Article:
Telehealth company Amwell saw its stock spike 42% in its first day of trading Thursday after raising an outsized initial public offering.
Buoyed by strong demand for IPOs, Amwell raised $742 million Wednesday with the sale of 41.2 million class A shares at $18 apiece. That's a marked increase from plans last week to sell 35 million shares at $14 to $16 a share, according to documents filed with the U.S. Securities and Exchange Commission (SEC).
Amwell’s stock opened at $25.51 per share, well above the IPO of $18 and up 42% on the day.
The company's public debut also may serve as a barometer for the telehealth market, which has seen business surge as the COVID-19 pandemic drives huge demand for remote care services.
The company is backed by Google, which previously agreed to purchase $100 million of class C shares in a private placement at the same time as the IPO.
Former Massachusetts Gov. Deval Patrick and Peter Slavin, M.D., president of Massachusetts General Hospital, are directors of the company, and each held options on 352,000 class A shares as of Dec. 31, according to the IPO filing. Those shares were worth $6.3 million at the IPO price, the Boston Globe reported.
Amwell priced its IPO on the same day that shares of Snowflake Inc., a California company that helps businesses manage data in the cloud, more than doubled on the first day of trading.
Brothers Roy and Ido Schoenberg launched Amwell, formerly American Well, in 2006. The Schoenbergs will hold class B shares, which gives them 51% voting power following the IPO.
The company works with 55 health plans, which support over 36,000 employers and collectively represent more than 80 million covered lives, as well as 150 of the nation’s largest health systems, encompassing more than 2,000 hospitals, according to its S-1 filing.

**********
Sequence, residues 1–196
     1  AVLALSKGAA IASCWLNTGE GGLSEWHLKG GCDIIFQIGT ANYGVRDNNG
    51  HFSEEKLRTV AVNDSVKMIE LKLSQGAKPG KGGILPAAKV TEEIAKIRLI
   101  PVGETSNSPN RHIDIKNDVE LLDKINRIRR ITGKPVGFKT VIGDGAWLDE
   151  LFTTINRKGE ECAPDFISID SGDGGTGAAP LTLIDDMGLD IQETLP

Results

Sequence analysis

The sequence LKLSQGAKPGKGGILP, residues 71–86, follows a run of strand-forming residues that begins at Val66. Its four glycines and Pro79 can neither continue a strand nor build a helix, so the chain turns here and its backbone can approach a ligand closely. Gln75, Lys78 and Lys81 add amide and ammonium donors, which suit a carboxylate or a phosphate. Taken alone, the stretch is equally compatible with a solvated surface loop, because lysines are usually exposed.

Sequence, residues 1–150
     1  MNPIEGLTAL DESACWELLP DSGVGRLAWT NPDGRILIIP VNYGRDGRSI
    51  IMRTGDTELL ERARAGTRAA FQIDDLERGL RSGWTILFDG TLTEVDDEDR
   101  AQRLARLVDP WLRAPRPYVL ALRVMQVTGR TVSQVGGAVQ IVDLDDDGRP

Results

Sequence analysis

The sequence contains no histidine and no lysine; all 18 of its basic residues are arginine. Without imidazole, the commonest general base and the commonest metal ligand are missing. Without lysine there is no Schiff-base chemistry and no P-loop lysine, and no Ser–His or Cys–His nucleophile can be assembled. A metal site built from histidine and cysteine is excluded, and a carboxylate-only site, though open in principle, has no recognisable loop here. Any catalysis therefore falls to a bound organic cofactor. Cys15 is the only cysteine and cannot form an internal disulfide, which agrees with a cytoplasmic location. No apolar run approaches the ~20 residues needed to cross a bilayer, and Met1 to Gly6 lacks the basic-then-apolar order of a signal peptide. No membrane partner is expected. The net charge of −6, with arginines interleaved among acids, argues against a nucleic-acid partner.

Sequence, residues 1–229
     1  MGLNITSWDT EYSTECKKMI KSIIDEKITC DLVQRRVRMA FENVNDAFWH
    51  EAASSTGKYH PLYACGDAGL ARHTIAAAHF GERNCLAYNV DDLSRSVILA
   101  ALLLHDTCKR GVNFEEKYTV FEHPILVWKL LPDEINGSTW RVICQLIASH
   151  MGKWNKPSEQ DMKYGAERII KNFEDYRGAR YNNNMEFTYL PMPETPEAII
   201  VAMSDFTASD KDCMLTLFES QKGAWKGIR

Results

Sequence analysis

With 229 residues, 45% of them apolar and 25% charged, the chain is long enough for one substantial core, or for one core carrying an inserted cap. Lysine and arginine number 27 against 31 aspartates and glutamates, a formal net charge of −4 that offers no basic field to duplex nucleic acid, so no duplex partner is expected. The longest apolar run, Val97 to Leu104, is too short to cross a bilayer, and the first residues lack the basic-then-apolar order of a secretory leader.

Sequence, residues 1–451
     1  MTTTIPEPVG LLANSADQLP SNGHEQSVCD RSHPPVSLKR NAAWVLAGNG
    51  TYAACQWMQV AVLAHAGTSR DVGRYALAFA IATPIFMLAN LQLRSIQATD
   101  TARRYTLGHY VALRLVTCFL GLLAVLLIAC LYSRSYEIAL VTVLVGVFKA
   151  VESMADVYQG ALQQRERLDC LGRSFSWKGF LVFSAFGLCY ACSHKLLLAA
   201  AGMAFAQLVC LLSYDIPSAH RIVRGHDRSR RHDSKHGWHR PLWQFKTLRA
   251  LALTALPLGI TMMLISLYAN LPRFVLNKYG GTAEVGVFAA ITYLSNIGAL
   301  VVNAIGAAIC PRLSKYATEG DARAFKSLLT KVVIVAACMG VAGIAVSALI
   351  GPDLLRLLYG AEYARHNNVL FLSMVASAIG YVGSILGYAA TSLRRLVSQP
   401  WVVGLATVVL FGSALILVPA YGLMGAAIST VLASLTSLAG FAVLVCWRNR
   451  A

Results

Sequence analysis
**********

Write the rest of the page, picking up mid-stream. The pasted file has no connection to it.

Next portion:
To date, Amwell says it has powered over 5.6 million telehealth visits for its clients, including more than 2.9 million in the six months ended June 30.
Amwell reported revenue of $149 million in 2019, up 31% from revenue of $114 million in 2018. However, the company had significant losses of $52 million in 2018, and that widened to $88 million in 2019.
Amwell said in its IPO prospectus that visits nearly tripled to 2.2 million in the second quarter from the previous three months as restrictions on remote care were eased. That's compared to 700,000 telehealth visits in the first quarter of 2020.
Visits in April were as high as over 40,000 per day, versus approximately 2,900 visits per day in April 2019, according to the regulatory filing.
In an interview with Fierce Healthcare in June, Roy Schoenberg, the company's president and co-CEO, said the COVID-19 pandemic has catapulted the telehealth industry forward by decades in a matter of months.
That not only benefits the Amwell's business, but it's a win for patients, said Schoenberg.
"We are going to see an enormous amount of change, nothing short of a revolution, going forward," he said.
The company plans to expand into adjacent markets such as Medicare and Medicaid, government clients, clinical partnerships such as its existing collaboration with Cleveland Clinic and international markets, according to the regulatory filing.
But there are significant risks to Amwell's business, including weak growth and increased volatility in the telehealth market along with its history of losses, the company said in its SEC filing.
And while the pandemic has led to the relaxation of certain Medicare, Medicaid and state licensure restrictions on the delivery of telehealth services, it is uncertain how long the relaxed policies will remain in effect, the company said in its S-1 filing.
"There can be no guarantee that once the COVID-19 pandemic is over that such restrictions will not be reinstated or changed in a way that adversely affects our business," the company said.
Morgan Stanley, Goldman Sachs and Piper Sandler are acting as lead joint book-running managers for the offering.